Browsing: withdrawals

Monthly TSP payments

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Q. Can I opt to use (say 10 percent ) of my TSP account monthly as a supplement with my FERS retirement to help me meet my debt obligations into my retirement? A. You may request monthly payments from your TSP account after you retire, but you are limited to a fixed dollar amount each month (which may be changed once each year) or payments automatically computed based on your life expectancy (which vary in both dollar amount and percentage each year).

Trustworthy advice

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Q: The main — and probably only — reason I need to transfer my money from TSP to a regular IRA is that I’ll be able to make withdrawals as I wish or as needed. You always advise your readers to consult someone trustworthy to advise us before we do this. My question is, how do we determine who’s trustworthy? I’ve been approached by my bank, credit union, some investment companies, etc., but I just don’t know what questions to ask or what to look for, other than their fees. A: Unfortunately, it’s not easy. But, you can start by…

Required minimum required distribution withdrawal

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Q. I am a FERS employee, still working and plan to retire on Jan. 12, 2013 when I will be 74 years of age (my initial RMD has been delayed as I am still employed). Note that 2012 has 27 pay periods. Since I will be employed through all of 2012, when I retire, will I be required to take a RMD for 2012? Will my first RMD be for 2013 payable by the end of 2014? A. Your first required distribution will be for calendar year 2013 and the distribution will be due by April 1, 2014.

TSP calculator

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Q. When I use the TSP website’s Monthly Payment Calculator to determine how long my payments will last at an amount selected, it asks what annual interest you expect to receive.  I plan on leaving all my money in the G Fund. What rate should I expect? A. You’ve found the flaw in the calculator that makes it unreliable – pretty much useless in my opinion. Since its inception the G Fund has returned as much as around 9 percent in a year, and as little as 2.81 percent in 2010. If you’re not exercising a rigorous monitoring and management…

TSP withdrawals

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Q. What are the answers to the below questions if under age 55? For instance, taking a early retirement option at age 53 — how would the TSP 10 percent penalty apply using the original scenarios in the question?? Original question: Q. I have read many of the articles and TSP literature and I am still a bit confused. As a federal law enforcement officer over age 55, I plan to retire later this year. I have read that if I want to take withdrawals from my TSP account prior to age 59½, I can do so without having to…

TSP fund when retiring

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Q. I am exploring the idea of retiring from the postal service as a CSRS with 32 years at age 55. Can I just leave my money in the TSP? Some answers I read say you can keep it in, but I have also read that I have to withdraw it when I retire. I prefer to leave it and not touch it for at least 10 years. So what is it? A. You can, and should, leave your money in the TSP until you have to begin withdrawing it -– usually at age 70 1/2.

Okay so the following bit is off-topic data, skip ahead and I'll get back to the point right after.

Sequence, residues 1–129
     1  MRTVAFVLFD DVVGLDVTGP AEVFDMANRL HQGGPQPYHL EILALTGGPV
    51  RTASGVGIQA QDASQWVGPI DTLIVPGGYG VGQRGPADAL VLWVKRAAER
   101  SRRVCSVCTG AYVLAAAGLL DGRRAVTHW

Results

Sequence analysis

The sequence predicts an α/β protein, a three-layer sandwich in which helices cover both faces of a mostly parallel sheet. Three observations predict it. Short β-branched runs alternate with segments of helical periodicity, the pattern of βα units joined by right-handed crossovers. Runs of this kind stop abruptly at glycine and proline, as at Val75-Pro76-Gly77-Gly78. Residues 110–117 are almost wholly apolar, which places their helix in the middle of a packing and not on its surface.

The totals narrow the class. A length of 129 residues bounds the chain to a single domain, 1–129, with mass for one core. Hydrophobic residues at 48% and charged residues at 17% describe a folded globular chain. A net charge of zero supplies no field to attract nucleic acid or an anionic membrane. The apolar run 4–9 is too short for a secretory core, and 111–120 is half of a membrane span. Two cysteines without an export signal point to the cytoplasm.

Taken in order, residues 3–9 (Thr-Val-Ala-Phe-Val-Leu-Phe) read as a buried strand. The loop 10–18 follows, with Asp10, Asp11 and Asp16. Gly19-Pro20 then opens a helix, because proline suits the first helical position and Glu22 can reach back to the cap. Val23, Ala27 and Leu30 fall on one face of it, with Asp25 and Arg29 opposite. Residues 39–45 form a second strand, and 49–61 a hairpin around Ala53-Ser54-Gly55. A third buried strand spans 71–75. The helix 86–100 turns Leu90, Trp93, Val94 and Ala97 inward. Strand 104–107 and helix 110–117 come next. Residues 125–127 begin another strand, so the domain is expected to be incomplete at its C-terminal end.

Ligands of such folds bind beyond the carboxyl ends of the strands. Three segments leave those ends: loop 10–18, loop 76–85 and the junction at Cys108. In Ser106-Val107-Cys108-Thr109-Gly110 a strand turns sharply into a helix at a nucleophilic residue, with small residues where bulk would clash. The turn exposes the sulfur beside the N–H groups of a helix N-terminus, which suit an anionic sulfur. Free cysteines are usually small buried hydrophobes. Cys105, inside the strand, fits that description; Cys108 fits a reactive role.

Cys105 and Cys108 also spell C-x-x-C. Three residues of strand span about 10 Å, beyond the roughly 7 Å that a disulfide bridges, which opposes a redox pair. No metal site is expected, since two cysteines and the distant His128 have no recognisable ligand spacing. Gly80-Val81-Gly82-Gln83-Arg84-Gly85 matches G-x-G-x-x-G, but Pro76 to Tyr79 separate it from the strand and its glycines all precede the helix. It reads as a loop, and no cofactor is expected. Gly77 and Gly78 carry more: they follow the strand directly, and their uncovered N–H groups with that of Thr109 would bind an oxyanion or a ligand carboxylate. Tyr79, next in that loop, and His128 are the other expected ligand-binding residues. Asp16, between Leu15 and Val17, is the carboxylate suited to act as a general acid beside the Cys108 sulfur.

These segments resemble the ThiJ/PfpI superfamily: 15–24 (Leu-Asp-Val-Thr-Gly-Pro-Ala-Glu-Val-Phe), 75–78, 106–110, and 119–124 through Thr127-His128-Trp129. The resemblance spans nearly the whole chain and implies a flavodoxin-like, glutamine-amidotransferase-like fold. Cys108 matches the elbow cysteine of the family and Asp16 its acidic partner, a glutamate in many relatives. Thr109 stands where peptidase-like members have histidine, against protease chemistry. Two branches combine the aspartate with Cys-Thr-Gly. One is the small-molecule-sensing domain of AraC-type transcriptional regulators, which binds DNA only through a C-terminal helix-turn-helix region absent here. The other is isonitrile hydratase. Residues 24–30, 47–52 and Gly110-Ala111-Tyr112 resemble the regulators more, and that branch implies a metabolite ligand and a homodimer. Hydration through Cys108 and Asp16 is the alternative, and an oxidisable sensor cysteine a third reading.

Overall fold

TSP

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Q. I am a CSRS 50-year-old employee who would like to withdraw $80,000 from my TSP to cover unsecured debt. Is this smart? My debt is strangling me. What is the tax hit and how can I avoid it? A. You don’t have the option to make a withdrawal unless you can demonstrate financial hardship under the TSP’s definition. If you take a Financial Hardship withdrawal, you will owe tax on the amount you take and you will be subject to the 10 percent early withdrawal penalty. You can, and should consider taking a loan, instead. Taking a loan will…

TSP withdrawals

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Q. I have approximately 200K in my TSP. I would like to leave the principle to my children and take a yearly withdrawal of the interest earned. What, and I know it is an estimation, would you think is a safe percentage to withdrawal yearly? A. Interest does not accrue in a TSP account. The share values change in response to changes in value. The maximum safe withdrawal rate will depend upon a number of factors including your age, health and how the money is invested and managed over time. Calculating this estimate is beyond the scope of this forum.

TSP withdrawals

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Q. I’m currently on active duty as a retired recall, servicing in Kuwait.  I will reach age 54 in December; can I withdraw my TSP funds in January without penalties? A. From the TSP’s website: “Relief from the 10% early withdrawal penalty is availableto eligible Reservists called to duty for more than 179 days. The Reservist must have been activated after September 11, 2001 and must have received his or her TSP distribution between the date of the order or call and the close of the active duty period. The Reservist may also be eligible to repay the distribution to…

TSP withdrawal

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Q. I am a federal worker, 51 years of age and am considering a withdrawal from my TSP account to pay off my substantial consolidated college student loans. If I pursue this plan what will be the tax ramifications  or any other penalties?  Another option for me is to take a loan out from my TSP account to pay the loans off and then begin to make payments back to the account. Is interest charged on these type of loans? Are penalties involved or any type of tax implications?  If I do not pay all the “loan” back before retirement,…

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